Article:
Have you ever had a negative experience at a restaurant? Or a customer service agent who maybe had their fill of rude customers and took it out on you? These negative experiences might have led you to have a negative association with that business or company.

Most would agree those negative experiences make indelible impressions and make us appreciate positive experiences even more. Making a positive impression is especially important in the recruiting process and all company associates play a role. 

Knowing your organization’s values helps anyone involved in the recruiting process look for desired behaviors that align with the company culture. At SA, we live by the words “find a better way, always.” We actively seek feedback and collaboration to improve processes, strategies and outcomes. Our daily mission to deliver personalized experiences to our clients and provide an environment where our associates can learn and grow is what allows us to find those better ways and stand out among our competition.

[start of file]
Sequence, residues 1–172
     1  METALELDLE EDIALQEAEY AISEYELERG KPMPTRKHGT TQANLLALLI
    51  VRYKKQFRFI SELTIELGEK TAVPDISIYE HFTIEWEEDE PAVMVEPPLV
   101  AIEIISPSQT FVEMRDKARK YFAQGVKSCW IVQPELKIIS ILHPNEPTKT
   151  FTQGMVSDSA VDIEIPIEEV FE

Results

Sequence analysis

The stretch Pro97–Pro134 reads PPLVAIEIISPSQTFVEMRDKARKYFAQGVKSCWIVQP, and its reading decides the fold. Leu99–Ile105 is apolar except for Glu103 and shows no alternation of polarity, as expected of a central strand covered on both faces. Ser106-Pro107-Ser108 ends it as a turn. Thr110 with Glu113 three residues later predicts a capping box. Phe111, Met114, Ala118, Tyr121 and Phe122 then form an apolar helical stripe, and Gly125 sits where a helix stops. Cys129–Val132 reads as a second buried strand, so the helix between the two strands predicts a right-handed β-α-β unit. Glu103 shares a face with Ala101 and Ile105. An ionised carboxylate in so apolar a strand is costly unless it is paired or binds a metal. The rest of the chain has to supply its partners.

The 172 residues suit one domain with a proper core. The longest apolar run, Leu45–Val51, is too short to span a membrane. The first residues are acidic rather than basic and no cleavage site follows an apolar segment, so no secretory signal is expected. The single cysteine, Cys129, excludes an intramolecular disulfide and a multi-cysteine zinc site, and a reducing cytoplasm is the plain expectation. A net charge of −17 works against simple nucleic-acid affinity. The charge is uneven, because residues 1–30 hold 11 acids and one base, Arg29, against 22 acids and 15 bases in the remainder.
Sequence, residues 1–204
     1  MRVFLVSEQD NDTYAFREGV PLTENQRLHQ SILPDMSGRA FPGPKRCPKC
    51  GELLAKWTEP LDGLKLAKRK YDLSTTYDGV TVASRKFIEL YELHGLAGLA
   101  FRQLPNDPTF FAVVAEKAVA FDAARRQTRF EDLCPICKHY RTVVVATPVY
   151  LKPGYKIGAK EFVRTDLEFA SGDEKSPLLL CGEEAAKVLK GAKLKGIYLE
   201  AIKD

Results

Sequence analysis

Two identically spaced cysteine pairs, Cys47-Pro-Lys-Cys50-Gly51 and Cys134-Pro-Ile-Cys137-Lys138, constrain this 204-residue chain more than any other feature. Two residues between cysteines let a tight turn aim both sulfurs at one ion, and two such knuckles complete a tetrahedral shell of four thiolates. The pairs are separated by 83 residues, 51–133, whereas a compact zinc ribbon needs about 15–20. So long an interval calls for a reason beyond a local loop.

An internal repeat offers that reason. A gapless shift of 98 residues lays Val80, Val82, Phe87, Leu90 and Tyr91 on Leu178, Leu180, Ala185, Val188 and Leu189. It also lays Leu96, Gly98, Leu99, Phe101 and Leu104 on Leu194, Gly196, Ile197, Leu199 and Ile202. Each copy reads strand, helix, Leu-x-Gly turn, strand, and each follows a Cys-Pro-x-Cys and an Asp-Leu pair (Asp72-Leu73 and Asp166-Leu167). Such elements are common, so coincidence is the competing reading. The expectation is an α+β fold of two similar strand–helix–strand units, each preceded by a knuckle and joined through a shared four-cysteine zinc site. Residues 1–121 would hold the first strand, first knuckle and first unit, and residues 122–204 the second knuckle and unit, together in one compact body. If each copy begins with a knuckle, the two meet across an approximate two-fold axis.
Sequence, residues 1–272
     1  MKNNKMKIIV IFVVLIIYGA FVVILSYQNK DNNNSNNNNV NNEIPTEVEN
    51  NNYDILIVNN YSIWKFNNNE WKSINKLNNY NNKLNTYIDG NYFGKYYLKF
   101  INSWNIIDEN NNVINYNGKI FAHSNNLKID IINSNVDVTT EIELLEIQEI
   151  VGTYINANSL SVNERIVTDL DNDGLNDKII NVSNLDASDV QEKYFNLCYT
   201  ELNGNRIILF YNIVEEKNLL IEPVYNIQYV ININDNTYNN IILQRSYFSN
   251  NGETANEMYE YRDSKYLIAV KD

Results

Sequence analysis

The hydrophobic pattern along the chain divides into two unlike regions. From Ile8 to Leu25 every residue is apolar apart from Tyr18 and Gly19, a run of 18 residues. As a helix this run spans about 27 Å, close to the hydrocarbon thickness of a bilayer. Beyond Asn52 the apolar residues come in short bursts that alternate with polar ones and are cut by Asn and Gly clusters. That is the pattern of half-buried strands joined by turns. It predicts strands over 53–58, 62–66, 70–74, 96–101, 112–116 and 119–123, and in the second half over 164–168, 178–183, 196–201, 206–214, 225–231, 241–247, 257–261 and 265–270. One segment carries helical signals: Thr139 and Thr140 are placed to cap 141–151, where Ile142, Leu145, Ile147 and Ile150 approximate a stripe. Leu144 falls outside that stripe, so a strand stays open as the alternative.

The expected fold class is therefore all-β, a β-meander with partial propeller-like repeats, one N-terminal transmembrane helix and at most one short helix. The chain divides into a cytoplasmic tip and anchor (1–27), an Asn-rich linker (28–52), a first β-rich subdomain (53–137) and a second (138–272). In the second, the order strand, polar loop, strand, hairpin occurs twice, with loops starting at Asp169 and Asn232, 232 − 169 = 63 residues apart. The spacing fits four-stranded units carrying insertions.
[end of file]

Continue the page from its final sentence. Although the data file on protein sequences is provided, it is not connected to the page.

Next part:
We know finding a better way is also about welcoming diverse opinions and taking advantage of the different experiences our associates bring to the table – ones that challenge us to see different perspectives or reveal opportunities we may not have recognized otherwise. Companies must find the value in these unique perspectives to diversify thought processes and continually improve their culture for success. Before a company or team can get to that rush of excitement that comes with adding new talent to their team, they must first provide a top-notch recruiting experience that enhances their reputation and encourages a vested interest on both sides of the interview table.

Most commonly, candidates seek companies or roles through an advertisement for an open position where they click “Apply,” or from hearing about a job opening. This means they are actively choosing to invest time, energy, and resources in hopes of joining your company. While they choose to pursue you, they likely have other choices. As the saying goes, you can’t keep all your eggs in one basket, nor should anyone expect job candidates to do so.